In this article, five experts from Harvard Business School discuss the key trends that are shaping the small business landscape.
As 2023 begins, businesses and employees face an uncertain economy and labor market, as the twin dilemmas of inflation and interest rates weigh on forecasts. Harvard Business School faculty share the top trends that they believe will shape the workplace and markets this year, including new ways to build incentives, potential conditions for entrepreneurs, and how to make work-from-anywhere work best.
Boris Groysberg: Look to hire back top talent
While it may seem counterintuitive given the economic forecast, 2023 could be the year of powerful hiring opportunities.
For the past 12 to 18 months, we have witnessed the Great Resignation and record turnover rates. What we are hearing from many people now, however, is a sense of regret. Many people feel that they made a mistake in switching jobs, that they acted impulsively and are now disappointed with their new manager or new company. For many reasons, people switched jobs during the Great Resignation without doing their due diligence or discounting what their company at the time had to offer. In this coming year, companies may have the opportunity to lure back former star employees they didn’t want to lose.
Over the past 50 years or so, many companies have changed their perspective on rehiring former employees, at least under certain conditions, such as the former employee was a high performer and left on good terms. As a possible recession looms, it is critical that companies ready themselves by having star talent in their most critical positions.
Strong talent is invaluable at any point in the economic cycle, but one could argue it is most important in economically challenging times. If companies need to strategically and selectively upgrade their talent to deal with the challenges ahead, perhaps they should ask themselves: Is there anyone we want to bring back?
Boris Groysberg is the Richard P. Chapman Professor of Business Administration.
Sandra Sucher: Employee trust is on the line
Companies will be pulled in opposing directions in managing the people who work for them in 2023, challenging their ability to maintain the trust that we know from research leads to better business.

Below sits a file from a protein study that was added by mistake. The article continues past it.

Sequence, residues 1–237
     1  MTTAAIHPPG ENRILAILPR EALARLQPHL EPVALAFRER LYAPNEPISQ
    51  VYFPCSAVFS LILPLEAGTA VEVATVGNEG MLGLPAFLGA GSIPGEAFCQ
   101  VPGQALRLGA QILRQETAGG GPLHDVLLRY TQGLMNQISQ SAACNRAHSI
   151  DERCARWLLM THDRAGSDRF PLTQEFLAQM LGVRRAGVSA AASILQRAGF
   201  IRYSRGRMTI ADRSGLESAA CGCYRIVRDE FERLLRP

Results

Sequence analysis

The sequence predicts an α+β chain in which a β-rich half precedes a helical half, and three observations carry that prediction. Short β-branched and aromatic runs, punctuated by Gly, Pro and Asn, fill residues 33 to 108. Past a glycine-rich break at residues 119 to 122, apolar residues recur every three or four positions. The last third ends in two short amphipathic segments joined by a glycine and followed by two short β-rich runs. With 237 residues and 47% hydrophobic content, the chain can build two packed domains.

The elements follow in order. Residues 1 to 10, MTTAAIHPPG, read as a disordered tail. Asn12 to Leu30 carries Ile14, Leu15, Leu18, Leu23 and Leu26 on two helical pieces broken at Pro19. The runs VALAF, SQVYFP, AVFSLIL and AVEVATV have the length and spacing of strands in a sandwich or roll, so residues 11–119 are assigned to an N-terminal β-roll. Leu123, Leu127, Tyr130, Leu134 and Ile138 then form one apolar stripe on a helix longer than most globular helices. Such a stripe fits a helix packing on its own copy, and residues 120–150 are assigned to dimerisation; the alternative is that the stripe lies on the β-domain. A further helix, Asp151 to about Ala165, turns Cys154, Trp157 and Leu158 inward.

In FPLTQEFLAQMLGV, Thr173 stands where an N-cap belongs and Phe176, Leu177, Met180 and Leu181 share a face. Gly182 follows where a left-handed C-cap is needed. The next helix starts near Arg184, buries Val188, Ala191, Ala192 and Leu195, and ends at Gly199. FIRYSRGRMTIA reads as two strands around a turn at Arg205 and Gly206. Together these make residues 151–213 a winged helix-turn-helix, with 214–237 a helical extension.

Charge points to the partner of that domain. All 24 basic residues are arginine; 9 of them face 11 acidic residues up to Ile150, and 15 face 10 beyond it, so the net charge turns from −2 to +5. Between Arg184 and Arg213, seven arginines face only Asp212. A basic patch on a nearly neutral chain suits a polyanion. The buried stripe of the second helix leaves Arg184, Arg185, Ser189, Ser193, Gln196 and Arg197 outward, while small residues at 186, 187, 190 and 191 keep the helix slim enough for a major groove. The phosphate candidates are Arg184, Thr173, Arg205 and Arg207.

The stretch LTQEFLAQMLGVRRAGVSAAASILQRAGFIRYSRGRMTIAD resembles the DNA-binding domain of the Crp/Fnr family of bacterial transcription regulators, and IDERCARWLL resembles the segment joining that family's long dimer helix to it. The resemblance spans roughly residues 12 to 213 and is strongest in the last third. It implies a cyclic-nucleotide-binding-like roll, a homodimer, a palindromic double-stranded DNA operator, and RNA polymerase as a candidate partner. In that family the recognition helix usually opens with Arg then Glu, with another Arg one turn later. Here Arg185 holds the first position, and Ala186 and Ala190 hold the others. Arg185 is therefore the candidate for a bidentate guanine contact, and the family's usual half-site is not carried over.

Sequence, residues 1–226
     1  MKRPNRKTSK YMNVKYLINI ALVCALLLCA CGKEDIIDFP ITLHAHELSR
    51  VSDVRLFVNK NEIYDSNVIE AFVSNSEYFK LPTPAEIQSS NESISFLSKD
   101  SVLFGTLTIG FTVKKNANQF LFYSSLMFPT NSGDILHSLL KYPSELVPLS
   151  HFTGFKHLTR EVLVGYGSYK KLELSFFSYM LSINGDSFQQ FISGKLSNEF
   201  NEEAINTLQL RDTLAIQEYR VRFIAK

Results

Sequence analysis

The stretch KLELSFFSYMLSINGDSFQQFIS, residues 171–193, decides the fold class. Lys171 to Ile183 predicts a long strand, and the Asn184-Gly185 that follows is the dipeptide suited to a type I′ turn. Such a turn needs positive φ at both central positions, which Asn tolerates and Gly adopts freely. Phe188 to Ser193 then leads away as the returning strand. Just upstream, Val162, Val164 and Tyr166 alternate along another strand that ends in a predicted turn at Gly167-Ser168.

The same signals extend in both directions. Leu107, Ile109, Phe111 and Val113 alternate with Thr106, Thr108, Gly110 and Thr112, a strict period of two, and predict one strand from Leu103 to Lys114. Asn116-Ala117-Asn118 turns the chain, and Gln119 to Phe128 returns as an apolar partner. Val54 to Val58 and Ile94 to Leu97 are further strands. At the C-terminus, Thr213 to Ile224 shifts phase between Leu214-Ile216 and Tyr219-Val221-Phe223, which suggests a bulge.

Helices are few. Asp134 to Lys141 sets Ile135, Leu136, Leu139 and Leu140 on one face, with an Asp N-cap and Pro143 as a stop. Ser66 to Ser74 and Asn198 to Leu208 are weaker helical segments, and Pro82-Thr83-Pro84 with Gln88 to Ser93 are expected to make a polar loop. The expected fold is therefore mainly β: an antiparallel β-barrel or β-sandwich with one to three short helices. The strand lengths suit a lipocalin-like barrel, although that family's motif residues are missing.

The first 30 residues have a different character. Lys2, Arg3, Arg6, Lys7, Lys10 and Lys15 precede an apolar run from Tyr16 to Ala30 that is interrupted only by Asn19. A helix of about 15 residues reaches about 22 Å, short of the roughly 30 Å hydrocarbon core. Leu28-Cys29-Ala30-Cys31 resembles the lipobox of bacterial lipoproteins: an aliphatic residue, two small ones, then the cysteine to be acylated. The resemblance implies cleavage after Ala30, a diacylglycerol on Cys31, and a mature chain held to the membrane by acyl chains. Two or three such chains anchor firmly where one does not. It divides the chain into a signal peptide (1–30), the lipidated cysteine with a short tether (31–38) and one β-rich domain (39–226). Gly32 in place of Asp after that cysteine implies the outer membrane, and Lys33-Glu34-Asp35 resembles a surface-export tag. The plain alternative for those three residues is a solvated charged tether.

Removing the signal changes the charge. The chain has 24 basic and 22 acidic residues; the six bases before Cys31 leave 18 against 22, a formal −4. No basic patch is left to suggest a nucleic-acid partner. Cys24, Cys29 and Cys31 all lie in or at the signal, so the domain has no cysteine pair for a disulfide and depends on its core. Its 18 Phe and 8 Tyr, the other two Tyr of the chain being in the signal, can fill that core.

One direction will lead companies to increase employee fears of job security, the top fear of 85 percent of employees globally, according to research by Edelman. Even as they cut back in some areas, companies will be hiring in others, whipsawing employees who won’t know whether their jobs are safe, leading to the well-researched drop off in engagement and risk-taking that accompanies fears of job loss.
The other direction will lead companies to put more demands on employees by pressing for a return to more in-person work and other actions to rebuild frayed company cultures. The pandemic was a game-changer for employee trust, and employees have responded to that wake-up call with a realization that their first obligation to themselves is to live a life worth living.
Inspiring these employees to abandon the flexibility they have come to rely on will be a tough row to hoe, and newly empowered employees will continue to push back on requirements that impinge on their view of what is important in their lives.
In summary, employees will receive mixed messages from employers: you don’t matter at all—and—you matter greatly. How they reconcile these tensions will determine the level of trust employees will give them.
Sandra Sucher is the MBA Class of 1966 Professor of Management Practice.
Julia Austin: Headwinds for entrepreneurs
In a year with more economic concerns and considering the downfall of several innovative unicorns last year, 2023 will bring more constraints to entrepreneurs than we saw in 2022. Entrepreneurs will be expected to be scrappier than ever by their boards and investors, requiring more detailed and thoughtful strategies around growth and doing more with less. “Diligence efforts will be more thorough, and entrepreneurs should expect funding rounds to take longer.”
While there will still be many investors writing checks this coming year, entrepreneurs should expect a higher bar to raise capital with more tranched rounds based on measurable KPIs. Prospective investors will be going deeper to understand the depth of progress made in earlier stage ventures with less leaps of faith than we have seen in the past; diligence efforts will be more thorough, and entrepreneurs should expect funding rounds to take longer.